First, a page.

Development Site - Changes here will not affect the live (production) site.

Two Soviet Artists’ Attempt to Commemorate the Massacre of Jews at Babi Yar

Sept. 18 2017

After reading the late Yevgeny Yevtushenko’s groundbreaking 1961 poem “Babi Yar”—about the massacre of over 33,000 Jews at the ravine of that name outside Kiev—the composer Dmitri Shostakovich was immediately moved to set it to music. But doing so risked raising the ire of a regime eager to repress memory of the Holocaust. Alex Ryvchin relates:

In the two decades between the massacre and the publication of Yevtushenko’s poem, the official policy of the Soviet Union was to avoid mention of such massacres or else to deny their fundamental character as acts of genocide. Over 1.3 million Jews were killed in sites like Babi Yar throughout the Soviet Union. Most of the killing fields remain neglected and unmarked.

The Soviet authorities had good reason to deny the nature of these crimes. For one, an invading army freely hunting and massacring over a million civilians throughout the land made a mockery of supposed Soviet power. There was also the deeply uncomfortable reality that Ukrainians and other peoples cobbled together in the officially harmonious Soviet Union had in many cases been willful participants in the killings of their fellow citizens.

By the 1950s, [furthermore], the Soviet Union had also become the foremost proponent of anti-Zionism, provided the Arabs with arms, and stood in visceral opposition to the state of Israel. Soviet propaganda denounced the Jews as “rootless cosmopolitans” and “bourgeois nationalists” for seeking a homeland of their own—in no small part because of the failure of European states to prevent their wholesale slaughter. . . .

[I]n a state where even laying flowers at a killing field was seen as criminal subversion, a symphony by the most celebrated composer of the day, the lyrics of which chart the history of anti-Semitism from show-trials and pogroms to Anne Frank, could not proceed without incident. The conductor was interrupted during final rehearsals with a request from the minister of culture to drop the offending first movement. He refused. The singer was then conveniently called up to perform at the Bolshoi. The TV broadcast [of the symphony] was cut. Still, the production proceeded at immense personal risk to everyone associated with it, not least Shostakovich himself.

Today, the denial of the Babi Yar massacre of Jews through enforced silence has been replaced by simply drowning out the genocide through a preponderance of monuments and counter-monuments to each group affected by Babi Yar. This reflects the complexity of modern Ukraine and its discomfort with truly addressing how a community [largely] assimilated into Soviet society could be plucked from its ordinary metropolitan existence and delivered to the hell of the ravine under the watch, and in part, by the hand, of their Ukrainian neighbors.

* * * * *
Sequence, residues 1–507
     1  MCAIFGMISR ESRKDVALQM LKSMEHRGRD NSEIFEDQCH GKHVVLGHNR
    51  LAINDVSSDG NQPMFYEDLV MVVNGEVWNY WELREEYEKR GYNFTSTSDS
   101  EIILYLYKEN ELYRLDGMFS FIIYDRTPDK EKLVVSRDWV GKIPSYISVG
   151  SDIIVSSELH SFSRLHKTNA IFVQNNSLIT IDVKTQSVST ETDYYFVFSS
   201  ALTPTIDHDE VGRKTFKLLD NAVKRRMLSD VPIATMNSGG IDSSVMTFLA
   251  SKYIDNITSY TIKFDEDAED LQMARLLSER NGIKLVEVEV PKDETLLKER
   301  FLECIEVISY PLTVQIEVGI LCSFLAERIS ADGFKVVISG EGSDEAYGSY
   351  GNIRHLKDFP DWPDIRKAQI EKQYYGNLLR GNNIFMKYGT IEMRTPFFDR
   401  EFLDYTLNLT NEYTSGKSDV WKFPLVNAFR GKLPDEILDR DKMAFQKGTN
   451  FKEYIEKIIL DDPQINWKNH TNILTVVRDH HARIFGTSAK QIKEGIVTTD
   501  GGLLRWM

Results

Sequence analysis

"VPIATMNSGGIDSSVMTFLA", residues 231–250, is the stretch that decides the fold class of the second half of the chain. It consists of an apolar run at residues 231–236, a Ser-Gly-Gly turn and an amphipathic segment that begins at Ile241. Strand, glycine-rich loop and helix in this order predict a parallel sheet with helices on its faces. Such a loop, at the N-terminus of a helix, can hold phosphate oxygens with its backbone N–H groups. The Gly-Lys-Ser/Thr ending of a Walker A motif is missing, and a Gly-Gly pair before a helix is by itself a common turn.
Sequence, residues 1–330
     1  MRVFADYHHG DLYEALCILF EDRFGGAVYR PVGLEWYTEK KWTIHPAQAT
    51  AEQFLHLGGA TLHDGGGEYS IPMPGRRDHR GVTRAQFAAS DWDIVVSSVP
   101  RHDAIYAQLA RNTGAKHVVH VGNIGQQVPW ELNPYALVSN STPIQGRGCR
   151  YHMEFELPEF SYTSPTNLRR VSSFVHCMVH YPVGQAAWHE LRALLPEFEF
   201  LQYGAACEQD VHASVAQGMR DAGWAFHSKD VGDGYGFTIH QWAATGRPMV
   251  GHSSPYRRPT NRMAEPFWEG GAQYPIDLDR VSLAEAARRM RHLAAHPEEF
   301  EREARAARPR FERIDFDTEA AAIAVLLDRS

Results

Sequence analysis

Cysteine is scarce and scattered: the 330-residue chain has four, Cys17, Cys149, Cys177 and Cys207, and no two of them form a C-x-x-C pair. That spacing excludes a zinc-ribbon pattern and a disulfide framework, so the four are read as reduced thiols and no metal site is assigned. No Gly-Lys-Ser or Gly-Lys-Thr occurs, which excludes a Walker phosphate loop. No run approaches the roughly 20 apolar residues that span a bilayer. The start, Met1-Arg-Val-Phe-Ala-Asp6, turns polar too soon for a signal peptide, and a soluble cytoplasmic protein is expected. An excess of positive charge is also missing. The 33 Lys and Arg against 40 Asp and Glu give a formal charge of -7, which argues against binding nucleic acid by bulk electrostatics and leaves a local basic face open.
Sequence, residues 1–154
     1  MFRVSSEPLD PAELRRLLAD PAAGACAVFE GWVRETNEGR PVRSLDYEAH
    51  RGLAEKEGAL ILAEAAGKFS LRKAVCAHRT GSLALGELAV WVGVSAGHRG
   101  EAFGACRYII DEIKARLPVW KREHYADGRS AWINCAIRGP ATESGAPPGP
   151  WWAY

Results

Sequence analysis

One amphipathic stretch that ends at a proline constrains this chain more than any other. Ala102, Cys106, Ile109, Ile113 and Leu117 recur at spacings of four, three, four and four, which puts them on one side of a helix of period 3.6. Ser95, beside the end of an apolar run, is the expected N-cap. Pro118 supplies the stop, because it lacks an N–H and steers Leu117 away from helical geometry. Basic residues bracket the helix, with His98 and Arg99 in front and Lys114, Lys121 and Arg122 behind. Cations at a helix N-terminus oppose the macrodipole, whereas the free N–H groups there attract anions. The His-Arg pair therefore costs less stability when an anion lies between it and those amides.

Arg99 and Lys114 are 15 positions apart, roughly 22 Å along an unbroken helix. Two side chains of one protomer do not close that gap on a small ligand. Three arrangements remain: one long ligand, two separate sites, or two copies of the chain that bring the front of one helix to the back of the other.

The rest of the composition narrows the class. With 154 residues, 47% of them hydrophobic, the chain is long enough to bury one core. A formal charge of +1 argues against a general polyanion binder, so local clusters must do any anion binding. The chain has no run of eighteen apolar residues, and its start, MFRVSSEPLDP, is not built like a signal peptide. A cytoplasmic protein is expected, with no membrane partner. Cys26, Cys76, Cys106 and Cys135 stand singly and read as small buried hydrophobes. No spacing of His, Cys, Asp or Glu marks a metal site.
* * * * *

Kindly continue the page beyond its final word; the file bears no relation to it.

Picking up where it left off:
You have 1 free article left this month

Sign up now for unlimited access

Subscribe Now

Already a subscriber? Sign in now

Read more at Tablet

More about: Anti-Semitism, Arts & Culture, Holocaust, Music, Poetry, Soviet Jewry, Ukraine, Yevgeny Yevtushenko

Germany’s Bid to Keep Israel off the UN Security Council

March 21 2018

The Jewish state has never held a temporary seat on the United Nations Security Council. For the first 50 years of its existence, it was denied membership in any of the UN’s regional groups, which control candidacies for these rotating seats. Then it was finally admitted to the Western European and Others Group, which promptly agreed to wait another twenty years before approving Jerusalem for a Security Council candidacy. Now, Benny Avni notes, Germany is poised to block action:

As a good-faith gesture, the Western European and Others Group promised Israel that it and Belgium would run uncontested for the two open 2019-20 [Security Council] seats. Then, in 2016, Germany announced it would also run—even though it already served as a council member [multiple times, including] as recently as 2011-12. . . . [U]nless Belgium yields, Israel’s hopes for UN respect seem doomed for now—and maybe for the foreseeable future.

Why? Diplomats have been telling me Israel violates too many Security Council resolutions to be a member—as in the one passed during the last weeks of Barack Obama’s presidency, which marked Jewish holy sites as occupied Palestinian territory. But is building a porch in [the West Bank town of] Ma’ale Adumim really such a huge threat to world peace?

How about, then, a report released last week by UN experts on the Security Council’s North Korea sanctions? It found Germany violated a council ban on sparkling wines, exporting $151,840 worth of bubbly and other luxury goods to Kim Jong Un’s cronies. Or how about, as the Jerusalem Post’s Benjamin Weinthal reports, German companies exporting to Iran banned materials that were later used in chemical attacks in Syria?

Never mind. Germany (and Belgium) will surely benefit from the UN’s habit of magnifying Israel’s violations beyond all proportion. Thus, Israel’s petition to join the most prestigious UN club will likely be rejected, thanks to a late entry by a shameless [and] cynical German power play against the Jewish state.

You've just used your last free article this month

Sign up now for unlimited access

Subscribe Now

Already a subscriber? Sign in now

Read more at New York Post

More about: Germany, Israel & Zionism, Israeli-German relations, United Nations